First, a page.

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Mapping the Vulnerability to Flooding of Community-Development Corporations (CDCs) Affordable Housing Properties in Central and East Harlem, New York City     
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  • Veronica OlivottoOrcid,
  • Eddy Almonte
Veronica Olivotto
Orcid
Milano School of Policy, Management and the Environment, The New School
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Medium
Eddy Almonte
Graduate School of Architecture, Planning and Preservation, Columbia University
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Abstract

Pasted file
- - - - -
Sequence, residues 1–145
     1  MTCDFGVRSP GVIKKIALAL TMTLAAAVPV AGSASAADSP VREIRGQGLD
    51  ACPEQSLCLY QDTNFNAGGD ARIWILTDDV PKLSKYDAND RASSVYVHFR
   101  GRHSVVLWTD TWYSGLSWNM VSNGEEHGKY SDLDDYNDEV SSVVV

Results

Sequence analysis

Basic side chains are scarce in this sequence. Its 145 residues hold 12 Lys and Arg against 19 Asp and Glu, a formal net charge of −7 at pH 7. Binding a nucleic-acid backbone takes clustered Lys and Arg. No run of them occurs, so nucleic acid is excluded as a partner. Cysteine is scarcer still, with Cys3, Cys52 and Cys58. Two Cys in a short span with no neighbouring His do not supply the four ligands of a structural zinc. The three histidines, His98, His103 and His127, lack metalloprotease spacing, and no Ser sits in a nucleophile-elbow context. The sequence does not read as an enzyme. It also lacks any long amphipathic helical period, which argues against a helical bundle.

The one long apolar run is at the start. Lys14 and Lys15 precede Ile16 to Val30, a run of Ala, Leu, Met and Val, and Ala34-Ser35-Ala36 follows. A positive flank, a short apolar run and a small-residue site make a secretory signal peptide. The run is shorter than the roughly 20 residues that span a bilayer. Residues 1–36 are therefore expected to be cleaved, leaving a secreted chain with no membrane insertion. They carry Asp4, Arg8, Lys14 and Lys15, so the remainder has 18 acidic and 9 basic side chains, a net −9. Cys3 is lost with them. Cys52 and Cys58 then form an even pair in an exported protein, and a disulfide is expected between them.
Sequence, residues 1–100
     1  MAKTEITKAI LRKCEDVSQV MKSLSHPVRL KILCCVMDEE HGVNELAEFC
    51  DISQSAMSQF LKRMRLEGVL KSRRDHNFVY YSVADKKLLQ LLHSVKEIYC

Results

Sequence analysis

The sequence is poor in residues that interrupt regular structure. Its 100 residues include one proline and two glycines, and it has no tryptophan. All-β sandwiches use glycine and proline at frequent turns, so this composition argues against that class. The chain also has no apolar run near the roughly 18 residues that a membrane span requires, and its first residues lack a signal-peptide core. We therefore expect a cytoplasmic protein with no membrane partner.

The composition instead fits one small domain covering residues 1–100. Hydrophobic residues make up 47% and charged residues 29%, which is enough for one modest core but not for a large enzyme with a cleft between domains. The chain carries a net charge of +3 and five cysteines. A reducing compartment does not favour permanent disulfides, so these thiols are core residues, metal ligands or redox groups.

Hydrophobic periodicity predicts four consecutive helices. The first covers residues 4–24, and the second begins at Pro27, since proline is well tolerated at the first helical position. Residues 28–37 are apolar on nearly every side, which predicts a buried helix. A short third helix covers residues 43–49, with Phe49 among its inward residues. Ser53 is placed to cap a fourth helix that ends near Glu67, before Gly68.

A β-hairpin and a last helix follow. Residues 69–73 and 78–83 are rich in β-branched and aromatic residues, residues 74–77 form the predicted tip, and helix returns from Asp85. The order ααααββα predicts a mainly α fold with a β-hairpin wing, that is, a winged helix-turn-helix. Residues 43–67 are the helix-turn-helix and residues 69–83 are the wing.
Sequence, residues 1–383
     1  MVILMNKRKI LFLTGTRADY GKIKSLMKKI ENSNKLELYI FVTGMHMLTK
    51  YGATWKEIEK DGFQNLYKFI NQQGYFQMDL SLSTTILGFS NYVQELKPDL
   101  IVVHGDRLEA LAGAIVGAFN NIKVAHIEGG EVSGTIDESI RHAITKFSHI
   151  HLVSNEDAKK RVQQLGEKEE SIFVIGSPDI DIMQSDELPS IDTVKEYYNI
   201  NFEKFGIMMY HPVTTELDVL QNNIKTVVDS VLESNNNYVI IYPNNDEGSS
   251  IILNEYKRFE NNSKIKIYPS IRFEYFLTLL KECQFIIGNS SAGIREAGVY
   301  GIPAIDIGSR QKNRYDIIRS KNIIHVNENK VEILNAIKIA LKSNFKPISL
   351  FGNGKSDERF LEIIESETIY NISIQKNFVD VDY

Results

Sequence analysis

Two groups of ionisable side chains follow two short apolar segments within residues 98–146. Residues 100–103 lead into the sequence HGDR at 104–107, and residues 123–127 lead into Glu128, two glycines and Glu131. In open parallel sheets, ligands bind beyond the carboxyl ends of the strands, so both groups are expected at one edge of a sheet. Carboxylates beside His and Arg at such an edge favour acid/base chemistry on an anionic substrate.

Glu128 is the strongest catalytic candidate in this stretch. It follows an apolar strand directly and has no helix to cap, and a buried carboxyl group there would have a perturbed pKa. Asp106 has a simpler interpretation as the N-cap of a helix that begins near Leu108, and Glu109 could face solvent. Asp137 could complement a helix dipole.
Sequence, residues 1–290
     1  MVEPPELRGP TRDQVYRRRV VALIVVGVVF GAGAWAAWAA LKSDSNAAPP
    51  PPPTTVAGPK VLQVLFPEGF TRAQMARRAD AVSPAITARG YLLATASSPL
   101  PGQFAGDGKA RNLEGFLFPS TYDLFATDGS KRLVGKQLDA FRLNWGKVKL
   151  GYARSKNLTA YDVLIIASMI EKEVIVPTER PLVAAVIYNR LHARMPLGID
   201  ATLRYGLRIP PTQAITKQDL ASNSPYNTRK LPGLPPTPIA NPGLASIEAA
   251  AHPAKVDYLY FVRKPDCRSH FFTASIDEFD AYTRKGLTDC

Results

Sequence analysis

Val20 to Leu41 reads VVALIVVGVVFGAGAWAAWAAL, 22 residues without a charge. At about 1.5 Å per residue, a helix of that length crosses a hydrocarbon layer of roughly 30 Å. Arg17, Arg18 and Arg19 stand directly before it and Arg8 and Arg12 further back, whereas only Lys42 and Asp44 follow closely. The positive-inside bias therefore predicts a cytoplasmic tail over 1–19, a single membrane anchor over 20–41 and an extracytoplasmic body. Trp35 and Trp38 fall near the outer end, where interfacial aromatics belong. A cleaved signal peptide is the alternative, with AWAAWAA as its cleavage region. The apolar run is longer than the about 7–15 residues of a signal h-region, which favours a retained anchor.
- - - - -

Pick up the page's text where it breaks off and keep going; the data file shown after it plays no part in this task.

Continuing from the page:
New York City’s affordable housing stock is vulnerable to coastal flooding under current and projected climate scenarios. Flood vulnerability in this study, was intended as a factor of the exposure of affordable housing units to current and future floodplains as well as topographical elevation. Variables of socio-economic vulnerability included median household income by census tract, expiring affordability of rent-subsidized housing, and East Harlem’s most recent rezoning . The affordable housing in question is owned by two community-development corporations (CDCs) of the Northern Manhattan Collaborative (NMC), Hope and Ascendant based in East Harlem. Using GIS software and publicly available data from NYC Open Data and Mapluto, large scale mapping was conducted at the Borough-Block-Lot (BBL) scale to understand the exposure to coastal flooding of 101 properties owned by Hope and Ascendant, as well as a Hotspot Analysis of all the remaining units included in the NMC (48 more properties). Results show that Hope properties may flood more than Ascendants', under both current and future floodplain projections. A contributing factor is topographical elevation, where Hope Properties are at lower median elevation (13.2 feet) than Ascendants' (29 feet) and also lower than the median elevation of both Central (22 feet) and East Harlem (15 feet). Results from the hotspot analysis shows that 20 of Hope Properties fall within Hot clusters of socioeconomic vulnerability, as well as 5 of Ascendant Properties. Overall the NMC Properties show a higher socioeconomic vulnerability than all the properties in East Harlem. This result is important considering that New York City’s stock of affordable housing hosts some of the most vulnerable populations in the city, with less ability to move elsewhere before or after a flooding event.